Over most of the past century, researchers have been trying to determine whether there's any link between religion and intelligence. The studies haven't all come to the same conclusion, but a group of researchers led from the University of Rochester decided to look at a large number of them combined to see their results — and they found that most studies pointed to the same thing: that highly intelligent people tend to be less religious, and that highly religious people tend to be less intelligent. At least, that seems to hold true when it comes to the traditional definition of "analytic intelligence," which focuses on puzzle solving, learning, and abstract thinking.
"This relation is not new."
To reach their conclusions, Zuckerman's research team analyzed 63 previously published works that compared religion and intelligence. The vast majority of those — 53 in total — found the two had an inverse relationship. To the research team's leader, Miron Zuckerman, the common finding doesn't come as a surprise. "You have to realize that this relation is not new," Zuckerman told The Verge. "Studies from 1928 found [this]."
Even so, the reason for the link remains unclear. Zuckerman and his team can't say for certain why it occurs either, but they theorize that high intelligence may drive people away from religious behaviors. They pose three major possibilities for why that might be happening: First, intelligent people have been found to be less likely to conform to social pressures, such as religious rhetoric. Second, intelligent people tend to prefer analytic — as opposed to intuitive — thinking, making them more likely to look for scientific evidence. And third, they think that more intelligent people simply may not need the benefits that come alongside religion, such as help with self-regulation and self-improvement.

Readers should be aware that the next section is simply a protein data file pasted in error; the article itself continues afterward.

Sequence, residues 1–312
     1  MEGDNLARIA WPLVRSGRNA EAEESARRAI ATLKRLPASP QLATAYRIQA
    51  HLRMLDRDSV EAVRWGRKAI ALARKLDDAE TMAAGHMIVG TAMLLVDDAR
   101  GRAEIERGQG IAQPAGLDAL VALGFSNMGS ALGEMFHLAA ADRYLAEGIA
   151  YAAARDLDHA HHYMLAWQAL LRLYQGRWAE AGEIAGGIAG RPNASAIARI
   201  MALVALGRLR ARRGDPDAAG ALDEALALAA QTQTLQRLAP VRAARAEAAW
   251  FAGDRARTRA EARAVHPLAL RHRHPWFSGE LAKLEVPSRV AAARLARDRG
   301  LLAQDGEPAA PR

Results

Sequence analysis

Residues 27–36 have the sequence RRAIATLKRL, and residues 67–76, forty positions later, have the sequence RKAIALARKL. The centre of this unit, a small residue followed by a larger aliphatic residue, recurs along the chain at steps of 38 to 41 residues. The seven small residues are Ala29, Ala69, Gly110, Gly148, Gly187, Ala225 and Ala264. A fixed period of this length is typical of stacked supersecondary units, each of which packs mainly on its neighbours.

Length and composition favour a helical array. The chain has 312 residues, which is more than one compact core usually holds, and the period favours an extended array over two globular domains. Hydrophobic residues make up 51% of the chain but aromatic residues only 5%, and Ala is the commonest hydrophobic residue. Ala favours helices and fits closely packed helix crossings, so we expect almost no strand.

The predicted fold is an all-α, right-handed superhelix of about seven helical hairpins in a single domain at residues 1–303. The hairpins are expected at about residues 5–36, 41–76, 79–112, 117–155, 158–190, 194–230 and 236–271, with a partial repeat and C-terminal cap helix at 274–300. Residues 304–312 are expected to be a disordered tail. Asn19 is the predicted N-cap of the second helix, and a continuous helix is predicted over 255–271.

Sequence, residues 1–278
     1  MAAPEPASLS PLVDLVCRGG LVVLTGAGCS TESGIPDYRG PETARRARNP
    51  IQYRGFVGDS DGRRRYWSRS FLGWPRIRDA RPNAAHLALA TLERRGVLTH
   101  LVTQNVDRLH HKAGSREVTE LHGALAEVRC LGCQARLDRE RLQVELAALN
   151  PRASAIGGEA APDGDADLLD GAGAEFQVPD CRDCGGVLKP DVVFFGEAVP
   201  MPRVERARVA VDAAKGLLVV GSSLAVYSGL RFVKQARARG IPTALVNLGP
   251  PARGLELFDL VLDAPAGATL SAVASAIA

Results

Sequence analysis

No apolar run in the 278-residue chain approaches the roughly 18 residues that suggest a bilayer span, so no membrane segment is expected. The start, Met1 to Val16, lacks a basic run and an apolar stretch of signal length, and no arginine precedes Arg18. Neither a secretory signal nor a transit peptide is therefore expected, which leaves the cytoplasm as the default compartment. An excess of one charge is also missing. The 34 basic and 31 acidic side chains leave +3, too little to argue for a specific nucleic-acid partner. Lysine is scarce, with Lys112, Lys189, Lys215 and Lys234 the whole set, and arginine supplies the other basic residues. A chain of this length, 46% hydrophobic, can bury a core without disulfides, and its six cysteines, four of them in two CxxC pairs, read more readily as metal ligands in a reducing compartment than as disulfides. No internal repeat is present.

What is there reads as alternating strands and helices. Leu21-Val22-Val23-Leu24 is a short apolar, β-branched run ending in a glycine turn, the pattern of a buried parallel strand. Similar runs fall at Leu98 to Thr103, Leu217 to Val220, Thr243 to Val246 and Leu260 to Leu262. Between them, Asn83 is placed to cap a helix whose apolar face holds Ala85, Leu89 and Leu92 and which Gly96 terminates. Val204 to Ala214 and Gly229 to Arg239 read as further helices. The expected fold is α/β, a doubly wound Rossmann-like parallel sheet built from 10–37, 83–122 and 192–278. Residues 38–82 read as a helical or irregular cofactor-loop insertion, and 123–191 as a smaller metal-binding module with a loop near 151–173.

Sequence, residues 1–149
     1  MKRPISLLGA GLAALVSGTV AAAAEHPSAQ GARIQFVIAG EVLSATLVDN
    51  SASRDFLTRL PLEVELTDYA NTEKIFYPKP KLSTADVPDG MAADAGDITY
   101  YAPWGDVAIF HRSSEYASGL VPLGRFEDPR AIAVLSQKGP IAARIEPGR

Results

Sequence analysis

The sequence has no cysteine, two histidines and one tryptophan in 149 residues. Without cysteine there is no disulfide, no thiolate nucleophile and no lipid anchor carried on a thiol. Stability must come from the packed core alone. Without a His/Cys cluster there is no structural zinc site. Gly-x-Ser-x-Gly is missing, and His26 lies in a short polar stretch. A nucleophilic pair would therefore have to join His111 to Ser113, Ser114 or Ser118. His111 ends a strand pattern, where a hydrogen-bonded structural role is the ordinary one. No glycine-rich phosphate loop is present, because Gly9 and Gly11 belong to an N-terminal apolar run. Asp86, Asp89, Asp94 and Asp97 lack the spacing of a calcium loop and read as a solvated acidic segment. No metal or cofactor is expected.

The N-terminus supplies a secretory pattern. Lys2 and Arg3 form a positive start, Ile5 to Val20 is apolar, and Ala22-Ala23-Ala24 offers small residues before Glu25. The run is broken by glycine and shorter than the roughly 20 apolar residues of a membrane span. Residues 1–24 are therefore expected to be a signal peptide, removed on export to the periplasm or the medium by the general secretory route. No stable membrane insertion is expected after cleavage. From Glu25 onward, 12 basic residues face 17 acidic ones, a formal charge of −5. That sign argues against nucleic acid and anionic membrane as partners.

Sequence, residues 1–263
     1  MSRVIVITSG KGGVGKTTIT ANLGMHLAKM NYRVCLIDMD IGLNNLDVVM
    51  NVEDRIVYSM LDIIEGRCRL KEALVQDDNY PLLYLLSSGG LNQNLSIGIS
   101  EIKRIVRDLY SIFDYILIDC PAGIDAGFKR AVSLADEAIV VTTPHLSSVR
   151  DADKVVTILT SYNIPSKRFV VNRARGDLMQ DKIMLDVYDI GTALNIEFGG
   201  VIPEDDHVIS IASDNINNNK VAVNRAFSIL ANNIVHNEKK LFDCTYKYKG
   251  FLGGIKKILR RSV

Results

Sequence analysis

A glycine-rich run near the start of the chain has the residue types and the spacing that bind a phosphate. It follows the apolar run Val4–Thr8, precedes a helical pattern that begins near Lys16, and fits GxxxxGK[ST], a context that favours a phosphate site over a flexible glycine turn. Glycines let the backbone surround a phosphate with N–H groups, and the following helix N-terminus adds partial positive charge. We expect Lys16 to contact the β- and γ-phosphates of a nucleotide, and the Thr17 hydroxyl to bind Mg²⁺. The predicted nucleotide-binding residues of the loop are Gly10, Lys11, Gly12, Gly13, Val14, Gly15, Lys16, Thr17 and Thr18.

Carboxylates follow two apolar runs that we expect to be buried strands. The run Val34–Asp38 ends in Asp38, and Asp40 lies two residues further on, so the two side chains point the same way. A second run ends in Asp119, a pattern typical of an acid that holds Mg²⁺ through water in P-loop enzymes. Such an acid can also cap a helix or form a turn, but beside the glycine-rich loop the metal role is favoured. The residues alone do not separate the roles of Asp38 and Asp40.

But despite the researchers' speculation on how intelligence and religious beliefs interact, the team notes that the two don't necessarily have a direct relation. They're both correlated — and they can seemingly predict one another — but that doesn't mean that they strictly affect one another. Zuckerman says that none of the studies he looked at suggested that the two were directly related, and such a finding wasn't in the scope of his study either.
The review has a heavily Western skew
This latest analysis isn't perfect though: the review doesn't look at any studies written in other languages, it heavily focuses on Western cultures, and it primarily gauges intelligence by IQ tests and GPAs, which may not factor in other theorized types of non-analytic intelligence. Zuckerman thinks that the work done so far has been important regardless. "People used to think the relation was trivial or very small," he notes. Now, he says, "most people that are currently working" recognize that something's there — even if they're not sure why.